Review: Wines of Butternut, 2019 Releases

Review: Wines of Butternut, 2019 Releases

Butternut is a brand from Napa- and Nashville-based BNA Wine Group, which — and I’m sure they would admit this — focuses on low-cost bulk wines packaged under a cute name. Butternut is also one of the pioneers in the burgeoning canned wine space, with four varieties available in familiar 12 oz. cans. The company also produces wines in standard bottles. Eight total wines are reviewed below — both bottles and cans — and while it’s easy to tell the difference in this roundup as all the canned versions are non-vintage, I’m specifically including bottle/can designations on each review for the purpose of clarity.

Note that with the odd exception of the Butternut rose wines, these are all California-designated wines, meaning they’re blended from sources all over the state.

And so, without further ado, let’s see how buttery these Butternut wines really are.

NV Butternut Chardonnay (can) – There’s virtually nothing in the way of oak on this pale wine, which initially sees a fresh apple and lemon-scented note that’s quite refreshing. As the wine warms up and air has its way with it, things take a turn for the worse, with an unfortunate, aggressively beefy character ultimately dominating the experience. C / $30 per four-pack

2016 Butternut Chardonnay California (bottle) – The vanilla, all but absent in the canned chardonnay, is strong with this one, drowning out what appears to be a lemon and grapefruit melange underneath. Hard to drink for more than a few sips. C- / $11 per 750ml bottle [BUY IT NOW FROM TOTAL WINE]

2016 Butternut Rose Central Coast (bottle) – Rose of tempranillo. There’s actually a nice acidity on this wine, balanced by a gentle floral character reminscent of potpourri. With a solid grip on the very dry finish, there’s almost none of the extreme sweetness here that one expects from the usual budget rose. Unarguably the most capable wine in this lineup. B / $11 per 750ml bottle

NV Butternut Rose Central Coast (can) – A heavy pork sausage note makes the nose problematic here, but if you can get past that there’s a nice little strawberry and vanilla cherry note that offers some level of intrigue. As with the bottled version, the finish is on the dry side, with some spice and floral notes evident. C- / $28 per four-pack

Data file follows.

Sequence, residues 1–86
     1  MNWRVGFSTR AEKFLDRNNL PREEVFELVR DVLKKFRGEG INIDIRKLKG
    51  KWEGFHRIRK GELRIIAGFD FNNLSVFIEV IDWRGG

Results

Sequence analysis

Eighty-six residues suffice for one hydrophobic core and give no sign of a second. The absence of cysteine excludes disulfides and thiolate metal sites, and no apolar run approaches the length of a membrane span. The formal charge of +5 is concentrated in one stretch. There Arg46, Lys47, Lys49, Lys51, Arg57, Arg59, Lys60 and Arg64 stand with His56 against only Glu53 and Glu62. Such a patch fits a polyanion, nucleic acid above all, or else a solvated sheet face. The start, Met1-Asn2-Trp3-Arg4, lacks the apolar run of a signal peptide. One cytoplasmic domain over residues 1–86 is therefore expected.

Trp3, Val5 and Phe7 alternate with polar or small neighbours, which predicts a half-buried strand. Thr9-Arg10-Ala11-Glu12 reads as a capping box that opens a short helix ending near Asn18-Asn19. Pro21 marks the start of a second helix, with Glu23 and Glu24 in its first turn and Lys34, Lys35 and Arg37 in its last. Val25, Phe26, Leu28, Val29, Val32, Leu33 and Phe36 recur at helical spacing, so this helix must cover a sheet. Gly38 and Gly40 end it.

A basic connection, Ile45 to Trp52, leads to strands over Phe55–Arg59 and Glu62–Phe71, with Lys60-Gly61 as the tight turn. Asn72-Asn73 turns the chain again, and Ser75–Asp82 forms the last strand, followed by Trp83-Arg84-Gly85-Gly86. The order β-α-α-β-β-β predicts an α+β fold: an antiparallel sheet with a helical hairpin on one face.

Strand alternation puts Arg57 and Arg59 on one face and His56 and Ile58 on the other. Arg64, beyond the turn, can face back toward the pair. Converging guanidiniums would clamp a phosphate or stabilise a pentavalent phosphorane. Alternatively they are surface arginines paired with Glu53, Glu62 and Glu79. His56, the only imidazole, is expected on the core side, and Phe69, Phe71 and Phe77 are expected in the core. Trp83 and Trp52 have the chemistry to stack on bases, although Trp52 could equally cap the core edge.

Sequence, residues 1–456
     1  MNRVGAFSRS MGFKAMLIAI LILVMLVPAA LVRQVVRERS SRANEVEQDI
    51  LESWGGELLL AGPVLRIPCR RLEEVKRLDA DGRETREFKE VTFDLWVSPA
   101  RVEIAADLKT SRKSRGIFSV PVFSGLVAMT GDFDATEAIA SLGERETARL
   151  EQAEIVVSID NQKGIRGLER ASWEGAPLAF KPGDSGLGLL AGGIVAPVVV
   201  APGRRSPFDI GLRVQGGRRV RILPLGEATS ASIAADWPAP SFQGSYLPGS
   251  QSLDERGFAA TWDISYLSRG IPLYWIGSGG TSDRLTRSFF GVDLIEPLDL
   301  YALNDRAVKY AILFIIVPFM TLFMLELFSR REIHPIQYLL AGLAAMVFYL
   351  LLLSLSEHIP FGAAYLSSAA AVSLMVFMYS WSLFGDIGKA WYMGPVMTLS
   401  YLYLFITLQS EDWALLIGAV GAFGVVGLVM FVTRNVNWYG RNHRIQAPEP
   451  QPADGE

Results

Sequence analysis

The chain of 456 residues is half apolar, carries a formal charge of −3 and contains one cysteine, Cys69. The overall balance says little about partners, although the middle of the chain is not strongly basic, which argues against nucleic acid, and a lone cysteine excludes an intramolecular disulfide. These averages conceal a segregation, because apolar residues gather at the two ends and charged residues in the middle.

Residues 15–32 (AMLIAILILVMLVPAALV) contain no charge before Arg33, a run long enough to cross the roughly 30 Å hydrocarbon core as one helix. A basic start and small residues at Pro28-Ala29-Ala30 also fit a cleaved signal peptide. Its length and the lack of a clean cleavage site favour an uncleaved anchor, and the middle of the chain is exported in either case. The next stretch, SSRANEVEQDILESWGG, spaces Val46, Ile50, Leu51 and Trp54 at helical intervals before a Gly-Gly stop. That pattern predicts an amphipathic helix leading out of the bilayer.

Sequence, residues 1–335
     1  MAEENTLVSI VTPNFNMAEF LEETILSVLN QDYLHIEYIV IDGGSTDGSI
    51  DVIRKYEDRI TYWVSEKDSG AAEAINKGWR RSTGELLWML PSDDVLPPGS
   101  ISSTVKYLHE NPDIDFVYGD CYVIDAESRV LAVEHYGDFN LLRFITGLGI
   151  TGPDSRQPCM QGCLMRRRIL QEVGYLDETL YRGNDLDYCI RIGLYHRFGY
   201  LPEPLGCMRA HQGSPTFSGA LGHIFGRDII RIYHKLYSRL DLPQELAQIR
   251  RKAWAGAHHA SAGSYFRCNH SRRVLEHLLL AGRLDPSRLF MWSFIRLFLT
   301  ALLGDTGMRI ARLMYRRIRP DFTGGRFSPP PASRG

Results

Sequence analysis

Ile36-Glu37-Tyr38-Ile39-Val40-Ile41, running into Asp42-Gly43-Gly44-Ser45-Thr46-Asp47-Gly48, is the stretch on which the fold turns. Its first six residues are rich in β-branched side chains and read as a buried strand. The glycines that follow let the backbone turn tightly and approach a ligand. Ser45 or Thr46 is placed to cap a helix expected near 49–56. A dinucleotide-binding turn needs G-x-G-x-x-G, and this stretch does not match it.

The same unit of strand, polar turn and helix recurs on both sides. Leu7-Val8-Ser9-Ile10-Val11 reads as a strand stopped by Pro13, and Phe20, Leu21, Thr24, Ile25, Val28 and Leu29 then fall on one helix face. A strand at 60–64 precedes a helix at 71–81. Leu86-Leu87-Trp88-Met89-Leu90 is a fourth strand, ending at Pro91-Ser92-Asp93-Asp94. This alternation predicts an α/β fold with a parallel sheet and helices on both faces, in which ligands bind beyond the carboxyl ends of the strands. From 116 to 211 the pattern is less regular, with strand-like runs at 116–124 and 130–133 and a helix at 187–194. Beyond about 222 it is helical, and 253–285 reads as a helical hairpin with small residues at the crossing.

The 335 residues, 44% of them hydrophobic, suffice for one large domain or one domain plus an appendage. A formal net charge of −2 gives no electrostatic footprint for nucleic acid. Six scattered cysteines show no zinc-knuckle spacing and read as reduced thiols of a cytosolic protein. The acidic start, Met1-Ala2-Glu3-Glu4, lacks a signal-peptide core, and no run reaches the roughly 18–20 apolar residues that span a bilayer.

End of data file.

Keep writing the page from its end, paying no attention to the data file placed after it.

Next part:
NV Butternut Sparkling Rose Central Coast (can) – This is clearly the same wine as the above, but with a little fizz applied to it. That’s not a bad move, as it cuts some of the meatier elements of the wine, though it doesn’t add much to the experience beyond a little buzziness on the tongue. Otherwise, the same tasting notes apply. C- / $28 per four-pack

2016 Butternut Pinot Noir California (bottle) – A green rendition of pinot, with a heavy notes of black olive and hemp dominating. A menthol character emerges in time as the finish unfolds… all of which is weird and largely unsatisfying. C- / $13 per 750ml bottle

NV Butternut Pinot Noir California (can) – Quite a different wine than the bottled, vintage-dated expression. Here an aggressive (suspiciously manufactured) blueberry note kicks things off, alongside notes of licorice, barrel char, and beef jerky. Also unsatisfying, but in a different way. C- / $28 per four-pack

2016 Butternut Cabernet Sauvignon California (bottle) – Again a strong note of licorice pervades everything, with barrel char and tree bark notes heavy throughout. There’s fruit in here somewhere, but plenty of tannin (powdered, I presume) tamps it into near oblivion. More stewed meat on the finish. D / $13 per 750ml bottle

NV Butternut Chardonnay (can)




Christopher Null is the founder and editor in chief of Drinkhacker. A veteran writer and journalist, he also operates Null Media, a bespoke content creation company.

1 Comment

  1. Susan Holland on May 11, 2020 at 5:21 pm

    Butternut should be called Butternot. It is not buttery and very unoaked.
    The name is very misleading to an oaky, buttery chardonnay lover like myself !

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